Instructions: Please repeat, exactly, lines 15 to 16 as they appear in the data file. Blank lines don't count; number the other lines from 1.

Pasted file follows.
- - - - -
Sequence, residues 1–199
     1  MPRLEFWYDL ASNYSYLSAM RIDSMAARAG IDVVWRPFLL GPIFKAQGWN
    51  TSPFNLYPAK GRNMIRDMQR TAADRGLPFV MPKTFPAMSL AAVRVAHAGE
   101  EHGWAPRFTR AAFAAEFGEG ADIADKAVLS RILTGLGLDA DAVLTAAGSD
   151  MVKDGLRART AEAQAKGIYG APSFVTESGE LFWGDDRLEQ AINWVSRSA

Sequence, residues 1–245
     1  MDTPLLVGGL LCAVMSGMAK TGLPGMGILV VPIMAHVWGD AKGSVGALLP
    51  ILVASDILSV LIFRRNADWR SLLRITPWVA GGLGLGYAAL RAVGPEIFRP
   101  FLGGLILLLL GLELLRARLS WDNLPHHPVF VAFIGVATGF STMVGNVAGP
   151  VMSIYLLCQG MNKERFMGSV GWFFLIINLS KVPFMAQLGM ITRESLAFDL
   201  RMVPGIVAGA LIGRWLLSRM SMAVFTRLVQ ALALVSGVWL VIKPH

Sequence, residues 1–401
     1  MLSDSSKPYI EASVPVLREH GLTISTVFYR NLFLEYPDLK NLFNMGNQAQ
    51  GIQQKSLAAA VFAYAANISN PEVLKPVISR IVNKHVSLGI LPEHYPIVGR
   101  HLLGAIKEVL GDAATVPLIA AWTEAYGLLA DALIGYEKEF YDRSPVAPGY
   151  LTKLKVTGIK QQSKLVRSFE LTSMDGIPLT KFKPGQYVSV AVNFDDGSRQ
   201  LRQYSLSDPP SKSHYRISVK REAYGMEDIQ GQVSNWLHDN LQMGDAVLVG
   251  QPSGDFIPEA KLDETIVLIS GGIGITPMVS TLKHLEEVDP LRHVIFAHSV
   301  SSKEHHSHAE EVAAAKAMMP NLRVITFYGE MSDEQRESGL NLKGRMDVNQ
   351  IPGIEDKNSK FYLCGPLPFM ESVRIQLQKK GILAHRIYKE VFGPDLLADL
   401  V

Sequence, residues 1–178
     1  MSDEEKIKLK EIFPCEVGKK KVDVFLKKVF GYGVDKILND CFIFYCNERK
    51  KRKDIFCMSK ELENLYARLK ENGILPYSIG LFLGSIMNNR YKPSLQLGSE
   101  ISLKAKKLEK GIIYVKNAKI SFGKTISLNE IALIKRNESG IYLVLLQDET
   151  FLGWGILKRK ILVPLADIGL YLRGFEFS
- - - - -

   101  HLLGAIKEVL GDAATVPLIA AWTEAYGLLA DALIGYEKEF YDRSPVAPGY
   151  LTKLKVTGIK QQSKLVRSFE LTSMDGIPLT KFKPGQYVSV AVNFDDGSRQ